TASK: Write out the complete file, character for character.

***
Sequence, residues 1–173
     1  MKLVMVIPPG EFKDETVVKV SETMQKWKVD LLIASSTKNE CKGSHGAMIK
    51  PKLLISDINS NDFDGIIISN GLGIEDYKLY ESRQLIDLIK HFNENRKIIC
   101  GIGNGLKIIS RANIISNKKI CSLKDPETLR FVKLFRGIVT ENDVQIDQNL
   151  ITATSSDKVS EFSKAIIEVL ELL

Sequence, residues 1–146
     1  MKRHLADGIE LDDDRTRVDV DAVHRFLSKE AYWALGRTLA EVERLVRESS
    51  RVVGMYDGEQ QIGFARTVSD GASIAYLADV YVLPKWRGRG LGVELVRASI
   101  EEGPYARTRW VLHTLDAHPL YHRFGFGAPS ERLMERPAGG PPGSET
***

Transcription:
Sequence, residues 1–173
     1  MKLVMVIPPG EFKDETVVKV SETMQKWKVD LLIASSTKNE CKGSHGAMIK
    51  PKLLISDINS NDFDGIIISN GLGIEDYKLY ESRQLIDLIK HFNENRKIIC
   101  GIGNGLKIIS RANIISNKKI CSLKDPETLR FVKLFRGIVT ENDVQIDQNL
   151  ITATSSDKVS EFSKAIIEVL ELL

Sequence, residues 1–146
     1  MKRHLADGIE LDDDRTRVDV DAVHRFLSKE AYWALGRTLA EVERLVRESS
    51  RVVGMYDGEQ QIGFARTVSD GASIAYLADV YVLPKWRGRG LGVELVRASI
   101  EEGPYARTRW VLHTLDAHPL YHRFGFGAPS ERLMERPAGG PPGSET